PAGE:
© WWF-India

DOES SNOW LEOPARD CONSERVATION HELP THE LOCAL COMMUNITIES?

The Himalayan ecosystem provides food and other important resources for the many people who live there – including medicine, and wood for shelter, heat and fuel and grass for the livestock.

So, by protecting the snow leopard, it benefits the whole natural environment in these areas and the people who rely on it.

© Morte Koloby / WWF-US

WHAT IS THE GLOBAL POPULATION OF SNOW LEOPARDS AND WHERE ARE THEY FOUND?

It is estimated that the global population of snow leopard is around 4,000 individuals. Snow leopards live in extremely difficult terrain and the fact that only 5% of snow leopard habitat is actually surveyed for population assessments implies that there is a lot to learn about this elusive species.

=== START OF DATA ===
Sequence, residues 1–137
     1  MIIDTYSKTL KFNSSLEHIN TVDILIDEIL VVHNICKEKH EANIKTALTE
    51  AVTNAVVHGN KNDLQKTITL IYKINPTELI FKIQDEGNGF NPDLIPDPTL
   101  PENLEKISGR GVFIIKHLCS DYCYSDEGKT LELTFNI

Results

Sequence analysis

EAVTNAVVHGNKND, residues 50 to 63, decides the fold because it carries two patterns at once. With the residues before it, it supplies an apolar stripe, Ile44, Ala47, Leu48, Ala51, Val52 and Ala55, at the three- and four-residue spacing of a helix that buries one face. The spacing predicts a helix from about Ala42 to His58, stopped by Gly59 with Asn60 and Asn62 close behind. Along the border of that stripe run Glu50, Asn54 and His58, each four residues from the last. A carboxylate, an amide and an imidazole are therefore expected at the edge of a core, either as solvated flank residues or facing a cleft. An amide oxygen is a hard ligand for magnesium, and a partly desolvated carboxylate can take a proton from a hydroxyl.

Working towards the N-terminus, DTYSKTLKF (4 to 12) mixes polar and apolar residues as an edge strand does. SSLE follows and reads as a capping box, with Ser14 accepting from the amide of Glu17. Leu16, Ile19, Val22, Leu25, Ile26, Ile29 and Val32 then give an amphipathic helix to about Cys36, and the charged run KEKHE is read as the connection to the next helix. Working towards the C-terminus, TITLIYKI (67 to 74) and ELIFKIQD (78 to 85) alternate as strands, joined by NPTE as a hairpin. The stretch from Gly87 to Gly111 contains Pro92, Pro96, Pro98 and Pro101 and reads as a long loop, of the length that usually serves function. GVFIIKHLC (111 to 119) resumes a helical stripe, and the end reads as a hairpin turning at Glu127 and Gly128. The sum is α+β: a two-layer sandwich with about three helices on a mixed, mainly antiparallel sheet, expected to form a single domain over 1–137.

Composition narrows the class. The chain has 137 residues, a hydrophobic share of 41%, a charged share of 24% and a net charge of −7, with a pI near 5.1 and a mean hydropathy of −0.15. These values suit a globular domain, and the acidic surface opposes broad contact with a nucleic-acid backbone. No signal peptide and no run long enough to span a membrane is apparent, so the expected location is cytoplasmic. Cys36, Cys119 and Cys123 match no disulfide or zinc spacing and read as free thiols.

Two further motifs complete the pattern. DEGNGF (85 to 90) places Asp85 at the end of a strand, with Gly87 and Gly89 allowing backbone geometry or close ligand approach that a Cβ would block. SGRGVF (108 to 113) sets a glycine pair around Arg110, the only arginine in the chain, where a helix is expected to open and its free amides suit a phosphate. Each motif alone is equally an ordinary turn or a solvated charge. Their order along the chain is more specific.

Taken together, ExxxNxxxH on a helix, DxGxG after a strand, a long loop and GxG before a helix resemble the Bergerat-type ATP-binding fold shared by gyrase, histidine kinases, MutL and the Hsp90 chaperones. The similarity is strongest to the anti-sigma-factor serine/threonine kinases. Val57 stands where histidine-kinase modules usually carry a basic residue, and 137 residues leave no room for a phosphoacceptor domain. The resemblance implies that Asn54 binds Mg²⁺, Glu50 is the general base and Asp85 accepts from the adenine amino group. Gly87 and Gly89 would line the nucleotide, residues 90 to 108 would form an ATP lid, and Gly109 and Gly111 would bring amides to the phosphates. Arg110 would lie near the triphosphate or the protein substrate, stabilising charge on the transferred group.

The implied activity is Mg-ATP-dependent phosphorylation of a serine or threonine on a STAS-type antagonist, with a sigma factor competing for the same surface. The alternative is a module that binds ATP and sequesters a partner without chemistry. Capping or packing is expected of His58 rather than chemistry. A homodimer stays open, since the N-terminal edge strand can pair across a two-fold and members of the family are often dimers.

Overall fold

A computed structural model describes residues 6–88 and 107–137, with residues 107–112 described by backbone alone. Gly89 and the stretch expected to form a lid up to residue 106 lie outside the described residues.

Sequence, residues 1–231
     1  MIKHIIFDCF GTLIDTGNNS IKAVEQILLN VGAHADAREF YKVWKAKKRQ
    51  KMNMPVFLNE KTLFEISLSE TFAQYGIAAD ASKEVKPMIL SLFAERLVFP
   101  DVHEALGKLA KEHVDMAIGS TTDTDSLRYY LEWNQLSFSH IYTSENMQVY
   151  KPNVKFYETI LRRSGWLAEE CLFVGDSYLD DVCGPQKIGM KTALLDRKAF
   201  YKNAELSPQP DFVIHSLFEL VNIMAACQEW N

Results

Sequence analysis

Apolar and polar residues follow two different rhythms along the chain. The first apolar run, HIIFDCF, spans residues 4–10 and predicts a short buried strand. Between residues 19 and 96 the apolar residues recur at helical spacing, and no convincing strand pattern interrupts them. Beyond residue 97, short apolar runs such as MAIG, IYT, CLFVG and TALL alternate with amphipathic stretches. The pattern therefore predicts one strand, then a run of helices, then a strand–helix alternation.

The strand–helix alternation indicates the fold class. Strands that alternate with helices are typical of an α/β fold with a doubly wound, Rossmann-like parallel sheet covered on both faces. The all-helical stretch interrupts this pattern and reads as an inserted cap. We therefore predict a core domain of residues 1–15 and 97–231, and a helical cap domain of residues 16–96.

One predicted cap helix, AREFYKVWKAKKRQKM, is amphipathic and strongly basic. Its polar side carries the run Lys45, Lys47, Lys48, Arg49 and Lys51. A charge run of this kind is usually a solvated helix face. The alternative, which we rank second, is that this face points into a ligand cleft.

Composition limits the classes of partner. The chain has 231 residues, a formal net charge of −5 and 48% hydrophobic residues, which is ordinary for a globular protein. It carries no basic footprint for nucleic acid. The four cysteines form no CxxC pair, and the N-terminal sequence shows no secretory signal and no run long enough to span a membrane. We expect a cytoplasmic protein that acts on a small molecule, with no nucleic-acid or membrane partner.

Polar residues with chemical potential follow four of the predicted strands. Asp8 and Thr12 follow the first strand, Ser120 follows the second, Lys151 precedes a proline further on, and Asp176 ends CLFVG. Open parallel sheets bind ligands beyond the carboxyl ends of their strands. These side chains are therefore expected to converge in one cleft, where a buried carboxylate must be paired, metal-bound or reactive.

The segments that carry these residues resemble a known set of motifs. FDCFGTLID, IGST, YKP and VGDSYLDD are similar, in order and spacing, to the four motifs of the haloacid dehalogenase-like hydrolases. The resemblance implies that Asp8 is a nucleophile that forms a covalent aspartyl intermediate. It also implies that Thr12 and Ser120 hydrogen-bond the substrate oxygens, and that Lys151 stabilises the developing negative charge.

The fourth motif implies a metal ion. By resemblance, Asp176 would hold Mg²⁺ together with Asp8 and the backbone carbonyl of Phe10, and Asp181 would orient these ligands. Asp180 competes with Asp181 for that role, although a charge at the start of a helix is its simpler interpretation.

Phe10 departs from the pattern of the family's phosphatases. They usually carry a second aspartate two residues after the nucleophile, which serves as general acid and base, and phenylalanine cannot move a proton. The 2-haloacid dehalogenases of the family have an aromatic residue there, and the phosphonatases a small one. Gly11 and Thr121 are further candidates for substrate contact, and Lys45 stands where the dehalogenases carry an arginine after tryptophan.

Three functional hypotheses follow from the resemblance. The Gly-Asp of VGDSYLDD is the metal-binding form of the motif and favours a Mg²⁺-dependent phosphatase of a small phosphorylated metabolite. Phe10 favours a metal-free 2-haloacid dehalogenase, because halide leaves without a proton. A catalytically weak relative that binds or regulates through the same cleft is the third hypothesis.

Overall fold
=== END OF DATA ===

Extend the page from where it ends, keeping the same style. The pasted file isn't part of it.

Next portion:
Globally, snow leopards are sparsely distributed across 12 countries in Central Asia, from southern Russia down to the Tibetan plateau, including Mongolia, China, Afghanistan, Pakistan, Nepal & India.

“Because of extremely difficult terrain, only 5% of the snow leopard habitat has been surveyed”

© WWF India

WHERE ARE SNOW LEOPARD FOUND IN INDIA?

Snow leopards are distributed across the 100,146 sq. km of snowy forests in five Himalayan states - Jammu & Kashmir, Uttarakhand, Himachal Pradesh, Sikkim & Arunachal Pradesh.

Hemis National Park, Gangotri National Park, Khangchendzonga National park and Great Himalayan National Park are some protected areas where snow leopards are known to be found.

© Aishwarya Maheshwari/WWF-India

WHAT ARE THE MAJOR THREATS TO SNOW LEOPARDS?